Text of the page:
As we well know, our society has become totally reliant on plastic. From food preservation to water transportation, computer technology to healthcare and medicine, plastic can be found in nearly every facet of the human experience.
With massive amounts of plastic waste not only piling up in landfills but floating in the most remote depths of our oceans and water supplies. And despite our knowledge of plastic’s harmful effects on the environment, we’ve become so reliant on plastic that there seems to be no end in sight. In fact, plastic production is growing on a yearly basis–and posing a potentially mortal threat to us all.
However, a newly-discovered mushroom could not only play a crucial role in slashing plastic pollution but could have myriad other uses in addressing the environmental crises the planet faces.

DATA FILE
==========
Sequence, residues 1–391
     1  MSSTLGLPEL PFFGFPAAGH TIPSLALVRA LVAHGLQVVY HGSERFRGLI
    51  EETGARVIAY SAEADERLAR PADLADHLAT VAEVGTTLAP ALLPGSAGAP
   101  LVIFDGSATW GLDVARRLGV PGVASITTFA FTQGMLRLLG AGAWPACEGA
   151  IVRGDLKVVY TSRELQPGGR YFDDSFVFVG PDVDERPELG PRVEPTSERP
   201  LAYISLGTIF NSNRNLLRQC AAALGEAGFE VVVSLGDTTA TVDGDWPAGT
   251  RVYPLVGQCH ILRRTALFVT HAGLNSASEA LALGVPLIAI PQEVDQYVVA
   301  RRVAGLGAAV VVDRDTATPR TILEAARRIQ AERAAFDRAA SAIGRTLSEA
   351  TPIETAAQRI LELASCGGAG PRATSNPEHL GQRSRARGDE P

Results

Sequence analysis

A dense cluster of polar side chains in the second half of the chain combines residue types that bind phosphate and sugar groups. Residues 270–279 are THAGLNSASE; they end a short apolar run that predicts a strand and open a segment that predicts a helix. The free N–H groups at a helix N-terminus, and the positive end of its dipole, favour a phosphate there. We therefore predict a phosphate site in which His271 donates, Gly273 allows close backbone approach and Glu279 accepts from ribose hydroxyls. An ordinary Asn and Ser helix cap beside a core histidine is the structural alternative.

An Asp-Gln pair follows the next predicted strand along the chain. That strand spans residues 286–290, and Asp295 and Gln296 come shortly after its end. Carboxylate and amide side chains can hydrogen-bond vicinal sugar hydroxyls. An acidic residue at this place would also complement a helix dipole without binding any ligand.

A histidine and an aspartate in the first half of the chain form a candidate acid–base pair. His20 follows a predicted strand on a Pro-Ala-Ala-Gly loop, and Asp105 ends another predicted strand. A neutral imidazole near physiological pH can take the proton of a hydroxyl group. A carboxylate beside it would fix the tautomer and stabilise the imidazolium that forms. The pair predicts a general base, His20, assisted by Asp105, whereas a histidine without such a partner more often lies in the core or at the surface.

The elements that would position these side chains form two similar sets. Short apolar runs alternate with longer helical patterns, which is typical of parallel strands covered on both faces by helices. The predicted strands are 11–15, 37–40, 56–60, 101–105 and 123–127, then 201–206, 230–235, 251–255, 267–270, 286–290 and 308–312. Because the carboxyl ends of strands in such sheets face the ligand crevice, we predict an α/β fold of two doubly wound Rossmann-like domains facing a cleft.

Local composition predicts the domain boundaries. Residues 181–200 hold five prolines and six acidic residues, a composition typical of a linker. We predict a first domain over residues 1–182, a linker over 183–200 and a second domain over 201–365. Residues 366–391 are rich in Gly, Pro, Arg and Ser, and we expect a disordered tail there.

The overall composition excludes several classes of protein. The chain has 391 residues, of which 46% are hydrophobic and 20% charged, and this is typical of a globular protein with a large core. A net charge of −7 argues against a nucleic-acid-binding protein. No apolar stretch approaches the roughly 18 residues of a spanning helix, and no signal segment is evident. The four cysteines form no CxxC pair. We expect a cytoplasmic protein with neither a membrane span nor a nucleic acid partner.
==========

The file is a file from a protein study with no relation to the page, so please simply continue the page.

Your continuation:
Discovered in 2012 by Yale University students, Pestalotiopsis microspora is a rare species of mushroom from the Amazon rainforest that’s capable of living on a diet of pure plastic, or more accurately, the main ingredient in plastic–polyurethane–before converting the human-made ingredient into purely organic matter.
And not only can Pestalotiopsis microspora live off of our plastic waste, but it can also live without oxygen–meaning that the rare breed of mushroom would make an ideal agent for landfill clean-up, literally from the bottom-up.
While the idea sounds fantastic, some scientists have expressed hope that the plastic-consuming fungi can form the basis of the community waste treatment centers of the future–replacing our current practice of dumping our trash into centralized, massive landfills with small, mushroom-centered community composting centers or even home recycling kits, according to Epoch Times.
The management and elimination of plastic waste are among the greatest challenges we face in saving our environment. But if the natural rate of decomposition can be reduced from 400 years to a mere few months, then these fungi could soon be taking over the world.